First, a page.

Enterprise Zone proving a boon for Colorado Avenue non-profits

       Westside CARES recently became the fourth nonprofit entity along West Colorado Avenue approved to offer donors 25 percent income tax credits through the El Paso County Enterprise Zone.
       Although better known for helping businesses spur job creation and investment through reduced tax liability, the zone also has a charge to help residents become more productive members of society - which all four entities do in different ways.
       “Formed in 1983, Westside CARES is an interfaith, nonprofit collaboration of 21 churches intent on providing services to residents of the Westside in crisis,” reads the agency's application to the Colorado Economic Development Commission. “The only criterion for accessing services is an individual's or family's genuine need.”
       The other three are the Rocky Mountain Community Land Trust (RMCLT), 1212 W. Colorado Ave.; Greccio Housing, 1808 W. Colorado Ave.; and Goodwill Industries, 2320 W. Colorado Ave.
       Several portions of Colorado Springs have been designated Enterprise Zones. The four nonprofits are along the West Colorado Avenue corridor that's been designated between Pikes Peak Avenue and Cimarron Street from I-25 to 30th Street. Much of Old Colorado City was part of the original El Paso County Enterprise Zone, established in 1990, according to Deanne McCann of the county Economic Development Division.
       To be added to the Enterprise Zone, an area must be located in a census tract that meets one of two criteria: unemployment rate greater than 25 percent above the state average or per capita income less than 75 percent of the state average. All projects and boundary amendments must be approved by the Colorado Economic Development Commission, a nine-member board appointed by the Governor and state legislative leaders.
       Greccio, which provides affordable rental housing, has been in the Enterprise Zone the longest - at least eight years, while Goodwill and RMCLT, like Westside CARES, are in their first years.
       As a result, only Greccio of the four has long-term numbers showing how the zone can help. According to Rich Strycker, the agency averages $50,000 a year from people who choose to donate that way. “It's a big incentive,” he said. “We push it obviously as a win-win.”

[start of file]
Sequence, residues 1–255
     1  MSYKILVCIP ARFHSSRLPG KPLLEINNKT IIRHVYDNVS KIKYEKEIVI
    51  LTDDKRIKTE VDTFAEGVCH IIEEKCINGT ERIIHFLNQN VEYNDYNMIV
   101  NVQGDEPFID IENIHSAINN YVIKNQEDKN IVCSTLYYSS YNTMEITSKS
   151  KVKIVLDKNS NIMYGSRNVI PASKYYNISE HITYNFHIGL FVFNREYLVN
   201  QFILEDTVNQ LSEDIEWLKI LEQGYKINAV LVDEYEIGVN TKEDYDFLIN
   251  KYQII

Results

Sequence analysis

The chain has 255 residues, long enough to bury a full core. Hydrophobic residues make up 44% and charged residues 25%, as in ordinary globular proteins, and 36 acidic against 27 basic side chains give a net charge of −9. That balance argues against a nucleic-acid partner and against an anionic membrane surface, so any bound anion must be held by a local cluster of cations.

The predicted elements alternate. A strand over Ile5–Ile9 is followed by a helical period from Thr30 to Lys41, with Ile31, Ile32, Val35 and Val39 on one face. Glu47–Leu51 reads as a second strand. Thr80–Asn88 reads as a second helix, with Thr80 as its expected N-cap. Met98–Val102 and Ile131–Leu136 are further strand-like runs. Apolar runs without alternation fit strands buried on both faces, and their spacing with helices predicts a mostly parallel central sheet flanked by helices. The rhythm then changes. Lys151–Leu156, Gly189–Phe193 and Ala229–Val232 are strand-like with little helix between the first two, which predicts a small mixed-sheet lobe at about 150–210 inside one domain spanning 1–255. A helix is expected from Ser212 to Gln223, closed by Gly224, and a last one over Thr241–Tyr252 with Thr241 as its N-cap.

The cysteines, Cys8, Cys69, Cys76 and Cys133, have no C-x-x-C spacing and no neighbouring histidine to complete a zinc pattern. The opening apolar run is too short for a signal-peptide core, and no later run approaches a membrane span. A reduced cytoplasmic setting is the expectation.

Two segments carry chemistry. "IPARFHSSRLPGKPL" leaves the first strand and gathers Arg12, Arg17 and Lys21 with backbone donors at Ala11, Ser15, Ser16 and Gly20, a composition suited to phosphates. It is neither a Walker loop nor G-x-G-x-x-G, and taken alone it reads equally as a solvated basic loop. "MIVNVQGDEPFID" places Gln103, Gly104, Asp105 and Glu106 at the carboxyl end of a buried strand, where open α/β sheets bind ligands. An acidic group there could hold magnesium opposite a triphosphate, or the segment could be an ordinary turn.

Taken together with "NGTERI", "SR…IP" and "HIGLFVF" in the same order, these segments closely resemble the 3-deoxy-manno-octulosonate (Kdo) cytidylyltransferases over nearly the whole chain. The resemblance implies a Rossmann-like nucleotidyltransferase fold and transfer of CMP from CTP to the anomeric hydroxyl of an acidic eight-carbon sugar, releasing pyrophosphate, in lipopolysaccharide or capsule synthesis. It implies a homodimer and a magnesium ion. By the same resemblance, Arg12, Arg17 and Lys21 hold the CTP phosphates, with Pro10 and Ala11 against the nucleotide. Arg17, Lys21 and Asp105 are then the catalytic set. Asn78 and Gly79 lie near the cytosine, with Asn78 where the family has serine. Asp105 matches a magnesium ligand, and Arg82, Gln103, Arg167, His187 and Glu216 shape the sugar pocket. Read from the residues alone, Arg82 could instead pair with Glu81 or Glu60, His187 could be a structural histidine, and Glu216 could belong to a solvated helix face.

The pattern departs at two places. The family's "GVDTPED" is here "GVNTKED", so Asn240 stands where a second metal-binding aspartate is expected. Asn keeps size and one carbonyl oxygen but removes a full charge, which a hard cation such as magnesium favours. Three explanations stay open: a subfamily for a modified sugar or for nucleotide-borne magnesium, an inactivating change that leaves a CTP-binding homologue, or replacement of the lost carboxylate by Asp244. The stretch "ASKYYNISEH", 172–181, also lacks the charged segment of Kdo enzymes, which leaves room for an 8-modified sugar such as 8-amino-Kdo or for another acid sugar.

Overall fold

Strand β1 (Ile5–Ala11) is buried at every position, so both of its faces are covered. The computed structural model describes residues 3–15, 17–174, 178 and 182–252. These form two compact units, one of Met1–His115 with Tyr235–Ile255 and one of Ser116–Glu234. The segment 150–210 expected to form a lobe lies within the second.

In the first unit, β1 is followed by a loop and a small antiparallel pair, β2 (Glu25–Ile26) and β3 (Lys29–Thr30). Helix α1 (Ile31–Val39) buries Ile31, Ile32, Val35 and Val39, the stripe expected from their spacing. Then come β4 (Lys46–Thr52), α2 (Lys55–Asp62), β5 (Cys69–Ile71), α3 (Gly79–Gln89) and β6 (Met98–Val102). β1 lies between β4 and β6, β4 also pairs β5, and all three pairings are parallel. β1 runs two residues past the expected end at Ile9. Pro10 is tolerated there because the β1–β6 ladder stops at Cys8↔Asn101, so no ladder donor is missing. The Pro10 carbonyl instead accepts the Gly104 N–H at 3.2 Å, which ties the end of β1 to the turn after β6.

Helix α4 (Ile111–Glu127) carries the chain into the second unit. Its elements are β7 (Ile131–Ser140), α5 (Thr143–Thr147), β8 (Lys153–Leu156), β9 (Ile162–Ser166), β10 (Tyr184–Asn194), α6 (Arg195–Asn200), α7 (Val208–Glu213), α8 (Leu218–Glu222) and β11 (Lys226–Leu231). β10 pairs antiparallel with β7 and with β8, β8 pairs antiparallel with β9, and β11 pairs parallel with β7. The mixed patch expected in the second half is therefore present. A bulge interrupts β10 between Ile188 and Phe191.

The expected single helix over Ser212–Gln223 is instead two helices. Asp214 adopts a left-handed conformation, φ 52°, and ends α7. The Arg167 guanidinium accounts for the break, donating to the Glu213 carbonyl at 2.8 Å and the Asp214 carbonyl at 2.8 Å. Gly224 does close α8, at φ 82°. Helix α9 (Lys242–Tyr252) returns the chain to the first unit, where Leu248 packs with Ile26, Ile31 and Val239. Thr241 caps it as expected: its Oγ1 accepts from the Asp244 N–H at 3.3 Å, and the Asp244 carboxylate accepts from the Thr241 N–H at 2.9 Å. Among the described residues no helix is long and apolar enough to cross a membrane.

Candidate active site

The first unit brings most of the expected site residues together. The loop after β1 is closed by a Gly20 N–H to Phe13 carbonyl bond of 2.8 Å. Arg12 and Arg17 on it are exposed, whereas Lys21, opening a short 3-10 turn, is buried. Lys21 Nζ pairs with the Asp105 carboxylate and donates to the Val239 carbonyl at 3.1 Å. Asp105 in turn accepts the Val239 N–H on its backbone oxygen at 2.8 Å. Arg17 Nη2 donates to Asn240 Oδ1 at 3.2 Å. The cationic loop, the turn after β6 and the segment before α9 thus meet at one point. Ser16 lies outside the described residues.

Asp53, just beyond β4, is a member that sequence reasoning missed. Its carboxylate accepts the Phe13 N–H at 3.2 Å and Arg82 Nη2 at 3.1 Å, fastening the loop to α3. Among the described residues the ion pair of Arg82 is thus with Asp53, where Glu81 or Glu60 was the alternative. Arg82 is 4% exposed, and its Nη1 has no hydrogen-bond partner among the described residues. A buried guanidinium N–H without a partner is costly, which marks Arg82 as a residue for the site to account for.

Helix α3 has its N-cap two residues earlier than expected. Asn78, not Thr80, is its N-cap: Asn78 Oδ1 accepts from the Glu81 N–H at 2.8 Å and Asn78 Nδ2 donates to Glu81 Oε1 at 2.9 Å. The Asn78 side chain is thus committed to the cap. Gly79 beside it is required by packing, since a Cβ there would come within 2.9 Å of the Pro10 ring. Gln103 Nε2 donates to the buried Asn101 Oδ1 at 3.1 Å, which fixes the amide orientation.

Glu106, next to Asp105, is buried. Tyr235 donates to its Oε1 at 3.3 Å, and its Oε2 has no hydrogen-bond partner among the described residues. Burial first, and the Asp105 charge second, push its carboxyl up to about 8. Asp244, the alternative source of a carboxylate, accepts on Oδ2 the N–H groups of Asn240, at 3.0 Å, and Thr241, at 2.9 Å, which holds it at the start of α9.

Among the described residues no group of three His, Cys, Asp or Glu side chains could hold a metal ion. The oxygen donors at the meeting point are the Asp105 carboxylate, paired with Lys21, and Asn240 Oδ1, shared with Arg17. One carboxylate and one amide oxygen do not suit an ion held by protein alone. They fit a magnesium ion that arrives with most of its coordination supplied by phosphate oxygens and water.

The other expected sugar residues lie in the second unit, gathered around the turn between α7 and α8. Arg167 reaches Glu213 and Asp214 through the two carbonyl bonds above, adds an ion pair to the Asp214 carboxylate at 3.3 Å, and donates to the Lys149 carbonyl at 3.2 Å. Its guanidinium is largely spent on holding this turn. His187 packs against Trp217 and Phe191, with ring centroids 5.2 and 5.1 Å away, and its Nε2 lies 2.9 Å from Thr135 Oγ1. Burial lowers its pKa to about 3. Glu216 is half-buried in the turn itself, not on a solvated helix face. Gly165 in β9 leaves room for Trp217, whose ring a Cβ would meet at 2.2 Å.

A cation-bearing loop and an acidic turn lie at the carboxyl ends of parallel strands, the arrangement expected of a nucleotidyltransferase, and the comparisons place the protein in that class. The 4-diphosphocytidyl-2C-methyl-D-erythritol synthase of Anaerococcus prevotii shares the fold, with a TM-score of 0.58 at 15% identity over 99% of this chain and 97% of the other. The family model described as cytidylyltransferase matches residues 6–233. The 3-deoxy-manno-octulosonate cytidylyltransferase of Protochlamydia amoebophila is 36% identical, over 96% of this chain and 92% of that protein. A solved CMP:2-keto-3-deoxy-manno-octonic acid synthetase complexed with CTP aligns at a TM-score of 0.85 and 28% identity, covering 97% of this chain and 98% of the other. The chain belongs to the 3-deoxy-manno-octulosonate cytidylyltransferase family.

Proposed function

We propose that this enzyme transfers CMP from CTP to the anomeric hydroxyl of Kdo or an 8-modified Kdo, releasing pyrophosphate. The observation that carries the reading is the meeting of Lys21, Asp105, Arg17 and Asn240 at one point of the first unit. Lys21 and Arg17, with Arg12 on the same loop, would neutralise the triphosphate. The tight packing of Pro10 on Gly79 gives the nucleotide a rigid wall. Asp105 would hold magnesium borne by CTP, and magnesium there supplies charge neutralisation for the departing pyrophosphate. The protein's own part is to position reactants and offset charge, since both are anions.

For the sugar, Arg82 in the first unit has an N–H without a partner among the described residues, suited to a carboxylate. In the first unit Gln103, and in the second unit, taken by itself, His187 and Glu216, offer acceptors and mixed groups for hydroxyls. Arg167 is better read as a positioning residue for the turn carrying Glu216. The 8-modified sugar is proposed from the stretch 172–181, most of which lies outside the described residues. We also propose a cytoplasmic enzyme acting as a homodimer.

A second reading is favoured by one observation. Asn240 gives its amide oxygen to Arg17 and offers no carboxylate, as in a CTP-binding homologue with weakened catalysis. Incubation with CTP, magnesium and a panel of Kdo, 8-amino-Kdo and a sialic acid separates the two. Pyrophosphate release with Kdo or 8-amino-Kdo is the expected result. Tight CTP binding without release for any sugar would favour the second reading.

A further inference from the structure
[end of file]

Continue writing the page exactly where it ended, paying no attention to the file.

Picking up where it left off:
In Westside CARES' less than half-year in the Enterprise Zone, Executive Director Stephen Brown estimated the nonprofit has “received two or three contributions that are larger than they would have been without this. So people who were already giving are giving in larger amounts. It's a very nice benefit to our regular contributors.”
       A similar report came from RMCLT Executive Director Bob Koenig. The 11-year nonprofit retains partial ownership of homes it puts on the market so as to reduce mortgage payments for buyers. In relocating RMCLT from its former location this year, “we said we had to be in the Enterprise Zone,” Koenig recalled. How did he find the 1212 address? “I started walking West Colorado Avenue, looking for properties.”
       Goodwill Industries, which trains people for jobs and personal independence, is just starting to promote the Enterprise Zone to potential givers. “I expect it will mean several thousand dollars,” said Jeanne Conder, vice-president of the Goodwill Industries Foundation. “It's such a great way to give, and people get such a benefit.”
       A flyer that Goodwill is sending out uses $1,000 as an example. A donor in the 28 percent tax bracket would get $250 (reflecting the 25 percent state income tax credit), and an overall state/federal tax liability reduction of $626.
       From the El Paso County standpoint, although there has been no cost-benefit comparison (for how the taxes might be used otherwise), it is believed the program is a solid investment. “Between 2002 and 2006, 33 projects received cash contributions through the El Paso County Enterprise Zone, totaling over $15 million,” according to a write-up by Westside businesswoman and County Commissioner Sallie Clark. “Eligible non-profits include medical care providers, faith-based and teen homeless services, art centers and museums, and affordable housing and tourism. According to the county's Financial Services Department, total designated Enterprise Zone project cash contributions have increased by 643 percent from $908,218 in 2002 to $6,747,518 in 2006.”
       Also in the Enterprise Zone are for-profit businesses. For them, “these credits are not just a deduction but an actual reduction of tax liability,” McCann said. “Many can be carried forward to future years and some can be carried back.”
       For more information, call McCann at 520-6481.

Westside Pioneer article